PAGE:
Writer/Director Richard Cranor was inspired to make the film by his Iraq-veteran brother’s experiences with PTSD, as well as Cranor’s own recent bout with cancer. “What I learned going through cancer and my brother’s PTSD experiences is that we definitely need cannabis as an option for treatments. I strongly oppose anyone or any institution that limits people’s right to treat themselves, especially when you’re dealing with issues like cancer and PTSD. That’s really key in my personal belief system,” says Cranor. “For PTSD, cannabis allows people to bypass the conscious mind and get to the root of a lot of those painful memories faster than traditional therapy…. For me it’s not necessarily about the plant specifically, so much as the right for humans to be in charge of their own sovereignty; and plants like marijuana shouldn’t be vilified for doing nothing more than being a natural, healthy addition to our lives.”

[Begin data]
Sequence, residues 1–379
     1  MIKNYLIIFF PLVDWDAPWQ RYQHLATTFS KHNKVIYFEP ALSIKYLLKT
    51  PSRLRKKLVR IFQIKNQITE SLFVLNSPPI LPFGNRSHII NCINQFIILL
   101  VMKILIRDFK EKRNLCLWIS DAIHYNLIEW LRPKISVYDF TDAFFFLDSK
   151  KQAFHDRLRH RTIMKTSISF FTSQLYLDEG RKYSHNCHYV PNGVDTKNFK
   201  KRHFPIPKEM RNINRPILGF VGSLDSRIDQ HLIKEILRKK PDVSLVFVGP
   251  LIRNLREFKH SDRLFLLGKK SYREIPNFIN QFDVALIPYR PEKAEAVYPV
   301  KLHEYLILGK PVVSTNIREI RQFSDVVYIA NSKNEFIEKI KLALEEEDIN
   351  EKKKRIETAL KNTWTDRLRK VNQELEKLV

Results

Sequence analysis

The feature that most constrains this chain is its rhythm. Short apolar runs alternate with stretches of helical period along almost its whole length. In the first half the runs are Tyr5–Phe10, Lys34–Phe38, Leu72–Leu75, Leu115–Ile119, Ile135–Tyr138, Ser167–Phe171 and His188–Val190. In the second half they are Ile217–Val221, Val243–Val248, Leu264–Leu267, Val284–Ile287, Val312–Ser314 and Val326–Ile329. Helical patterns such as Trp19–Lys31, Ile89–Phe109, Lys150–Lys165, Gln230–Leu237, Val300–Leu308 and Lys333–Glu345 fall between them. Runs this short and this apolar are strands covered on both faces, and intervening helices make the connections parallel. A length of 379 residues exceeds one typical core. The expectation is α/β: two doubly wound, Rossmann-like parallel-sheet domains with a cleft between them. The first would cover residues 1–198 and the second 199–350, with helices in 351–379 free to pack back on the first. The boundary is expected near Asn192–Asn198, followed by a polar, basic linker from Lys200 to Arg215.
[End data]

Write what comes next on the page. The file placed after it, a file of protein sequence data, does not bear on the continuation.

Despite its sober message, “Star Leaf is first and foremost a wild, entertaining ride,” says executive producer Robert Leeshock (Earth: Final Conflict). Leeshock and Cranor are working with co-producer/distributor Leomark Studios on a novel distribution strategy: exclusive pre-release in MMJ and RMJ dispensaries and through the film’s own website for 3 months, followed by a wider release in fall 2015 on VOD/DVD.

For information on future screenings and where to get the Star Leaf DVD, visit

For distribution information, including becoming a DVD reseller, contact Leomark Studios at

Ohana Farms:

Star Leaf Facebook:

Star Leaf Twitter: #StarLeafMovie

Titan Sky Entertainment:

Leomark Studios:

Northwest Leaf Magazine:

Evergreen Bud & Glass: